Film Review: The Human ExperimentEarnest documentary accuses the chemical industry of threatening the nation's health with flame-retardants, cosmetics and other harmful products.
Armed with frightening statistics and a handful of upsetting personal stories, The Human Experiment accuses the chemical industry and weak-willed lawmakers of placing profits over the nation's health interests. Slickly packaged but far too easygoing, the documentary won't make much headway with nonbelievers.
The main point of the film, co-directed by Dana Nachman and Don Hardy, is that our environment is filled with tens of thousands of untested chemicals that may be harmful to our health. While legislators passed the Toxic Substances Control Act in 1976, the law grandfathered in some 62,000 chemicals that are presumed safe even though no one has tested them.
Furthermore, as Jim Jones, assistant administrator for the Environmental Protection Agency’s Office of Chemical Safety and Pollution Prevention, notes, it's very hard to prove that a chemical is dangerous. "The one time we tried it, we lost in court," he says. Well-funded lobbyists for the chemical industry have succeeded in defeating or de-clawing legislation designed to protect consumers from unknown and unwanted chemicals.
Scientists, professors and pro-consumer activists point to increased rates of cancer, infertility and disabilities since the growth of the chemical age. They also compare their fights against brominated flame-retardants and Bisphenol A (BPA) to earlier battles against lead, asbestos and tobacco products.
Some of the information in The Human Experiment repeats material found in other documentaries. Robert Kenner's Merchants of Doubt, for example, also ties flame-retardant lobbyists to tobacco apologists, citing a "playbook" designed by public-relations experts to sway lawmakers and public opinion. But Kenner selected telling news clips and interviews that pinned industry speakers to their lies, and used surgically precise editing to build an airtight case against them.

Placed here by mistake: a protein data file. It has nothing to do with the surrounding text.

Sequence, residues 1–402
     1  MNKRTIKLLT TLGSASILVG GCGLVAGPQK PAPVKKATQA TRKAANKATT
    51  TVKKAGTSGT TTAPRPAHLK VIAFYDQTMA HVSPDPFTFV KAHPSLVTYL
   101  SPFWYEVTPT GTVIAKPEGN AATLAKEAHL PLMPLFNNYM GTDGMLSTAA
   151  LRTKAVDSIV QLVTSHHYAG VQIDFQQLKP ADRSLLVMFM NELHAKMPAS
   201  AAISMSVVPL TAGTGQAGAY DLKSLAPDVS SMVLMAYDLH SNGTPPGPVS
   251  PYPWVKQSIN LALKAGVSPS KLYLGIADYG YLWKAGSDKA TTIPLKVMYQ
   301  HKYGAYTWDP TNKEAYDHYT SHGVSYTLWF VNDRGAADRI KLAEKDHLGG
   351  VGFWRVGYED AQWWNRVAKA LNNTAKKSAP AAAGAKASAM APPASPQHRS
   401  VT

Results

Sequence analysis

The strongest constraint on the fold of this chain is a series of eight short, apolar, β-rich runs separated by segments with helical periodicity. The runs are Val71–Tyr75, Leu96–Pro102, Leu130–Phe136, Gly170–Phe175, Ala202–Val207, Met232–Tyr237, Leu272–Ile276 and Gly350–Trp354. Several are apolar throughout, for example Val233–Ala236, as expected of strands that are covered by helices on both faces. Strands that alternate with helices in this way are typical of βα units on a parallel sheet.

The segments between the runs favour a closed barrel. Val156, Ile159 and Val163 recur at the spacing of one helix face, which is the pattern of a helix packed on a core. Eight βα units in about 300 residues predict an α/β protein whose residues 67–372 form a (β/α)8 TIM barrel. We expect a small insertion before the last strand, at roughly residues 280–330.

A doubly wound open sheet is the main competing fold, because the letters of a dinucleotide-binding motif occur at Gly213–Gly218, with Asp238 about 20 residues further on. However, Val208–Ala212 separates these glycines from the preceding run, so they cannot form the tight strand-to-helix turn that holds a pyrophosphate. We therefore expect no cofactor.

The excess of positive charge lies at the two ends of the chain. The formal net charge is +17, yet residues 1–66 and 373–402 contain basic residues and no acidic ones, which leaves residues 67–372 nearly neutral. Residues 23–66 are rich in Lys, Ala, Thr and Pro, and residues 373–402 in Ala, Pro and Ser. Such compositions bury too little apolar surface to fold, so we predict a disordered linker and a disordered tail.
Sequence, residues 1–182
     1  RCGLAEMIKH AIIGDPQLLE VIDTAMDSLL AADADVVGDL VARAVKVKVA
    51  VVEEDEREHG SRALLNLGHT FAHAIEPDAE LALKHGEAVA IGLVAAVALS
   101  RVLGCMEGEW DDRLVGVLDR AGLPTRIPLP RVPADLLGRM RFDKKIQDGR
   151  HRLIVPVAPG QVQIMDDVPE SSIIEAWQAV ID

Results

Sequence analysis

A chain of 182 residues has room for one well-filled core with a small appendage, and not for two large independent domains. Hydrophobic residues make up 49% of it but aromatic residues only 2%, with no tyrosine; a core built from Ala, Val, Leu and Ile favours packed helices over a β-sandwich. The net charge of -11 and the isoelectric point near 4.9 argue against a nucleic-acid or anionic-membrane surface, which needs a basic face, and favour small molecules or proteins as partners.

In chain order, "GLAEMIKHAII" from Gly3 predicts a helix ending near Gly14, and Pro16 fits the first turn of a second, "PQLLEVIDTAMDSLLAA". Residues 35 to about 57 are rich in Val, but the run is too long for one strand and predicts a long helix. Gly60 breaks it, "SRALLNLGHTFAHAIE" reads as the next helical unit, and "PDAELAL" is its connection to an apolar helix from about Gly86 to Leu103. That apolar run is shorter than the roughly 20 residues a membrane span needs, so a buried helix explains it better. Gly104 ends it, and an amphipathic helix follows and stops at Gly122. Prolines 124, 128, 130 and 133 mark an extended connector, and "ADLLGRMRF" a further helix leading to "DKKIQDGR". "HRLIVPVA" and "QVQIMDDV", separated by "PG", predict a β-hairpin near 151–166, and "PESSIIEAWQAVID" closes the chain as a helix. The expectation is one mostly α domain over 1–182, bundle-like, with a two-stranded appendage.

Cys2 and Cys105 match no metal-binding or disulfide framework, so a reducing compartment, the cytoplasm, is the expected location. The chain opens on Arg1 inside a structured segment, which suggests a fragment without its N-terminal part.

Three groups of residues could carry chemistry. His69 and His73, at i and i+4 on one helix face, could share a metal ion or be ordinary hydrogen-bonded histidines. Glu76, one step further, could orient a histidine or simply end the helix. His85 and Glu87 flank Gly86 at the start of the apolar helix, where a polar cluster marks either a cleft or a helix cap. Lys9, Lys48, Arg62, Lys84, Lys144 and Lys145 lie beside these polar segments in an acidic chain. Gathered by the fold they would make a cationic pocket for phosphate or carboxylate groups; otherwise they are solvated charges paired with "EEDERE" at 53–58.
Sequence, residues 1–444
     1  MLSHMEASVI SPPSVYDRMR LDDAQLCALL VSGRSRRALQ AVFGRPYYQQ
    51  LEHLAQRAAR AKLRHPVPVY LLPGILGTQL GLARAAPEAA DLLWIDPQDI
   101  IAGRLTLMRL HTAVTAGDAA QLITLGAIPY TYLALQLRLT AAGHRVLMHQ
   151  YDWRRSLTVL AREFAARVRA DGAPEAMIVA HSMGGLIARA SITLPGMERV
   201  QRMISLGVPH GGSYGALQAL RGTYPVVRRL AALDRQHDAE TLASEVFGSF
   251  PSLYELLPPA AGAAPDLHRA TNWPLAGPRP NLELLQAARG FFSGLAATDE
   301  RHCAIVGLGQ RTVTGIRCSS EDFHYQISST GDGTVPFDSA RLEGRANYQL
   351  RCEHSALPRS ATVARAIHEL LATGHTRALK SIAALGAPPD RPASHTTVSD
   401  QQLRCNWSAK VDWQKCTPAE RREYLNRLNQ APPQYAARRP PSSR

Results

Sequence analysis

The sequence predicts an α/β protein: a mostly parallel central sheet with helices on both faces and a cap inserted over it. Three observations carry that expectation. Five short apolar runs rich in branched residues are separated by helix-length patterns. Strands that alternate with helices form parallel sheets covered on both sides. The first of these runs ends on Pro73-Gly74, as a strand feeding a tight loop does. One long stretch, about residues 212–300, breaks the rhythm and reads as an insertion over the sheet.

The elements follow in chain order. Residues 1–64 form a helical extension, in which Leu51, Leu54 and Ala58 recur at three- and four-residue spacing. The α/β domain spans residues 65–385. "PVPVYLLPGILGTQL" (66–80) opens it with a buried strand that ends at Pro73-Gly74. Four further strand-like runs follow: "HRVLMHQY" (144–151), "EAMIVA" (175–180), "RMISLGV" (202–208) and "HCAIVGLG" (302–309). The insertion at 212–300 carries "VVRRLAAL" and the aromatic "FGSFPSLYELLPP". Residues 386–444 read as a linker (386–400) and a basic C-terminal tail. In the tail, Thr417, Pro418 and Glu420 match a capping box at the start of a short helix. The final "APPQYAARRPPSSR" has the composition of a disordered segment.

The Human Experiment, on the other hand, bunches together mostly soft-spoken, even-handed activists and academicians who essentially repeat the same points and statistics. The filmmakers also provide a few personal stories about cancer and infertility that, while moving, cannot be tied to one or another specific chemical.
Some of the claims in the documentary border on the provocative. Does the increase in chemicals used in consumer products contribute to the rise of autism? No one can say, although that hasn't stopped others from connecting autism to vaccines.
Completed in 2013, the movie is receiving a theatrical release to coincide with Earth Day on April 17. It will simultaneously be available on Amazon Instant Video, Google Play, iTunes, Sony PlayStation, Vudu and Xbox Video.
The Human Experiment does make a strong case against the proliferation of untested chemicals in consumer products. And, as the documentary shows, it's a battle that will have to be waged and won by consumers themselves.
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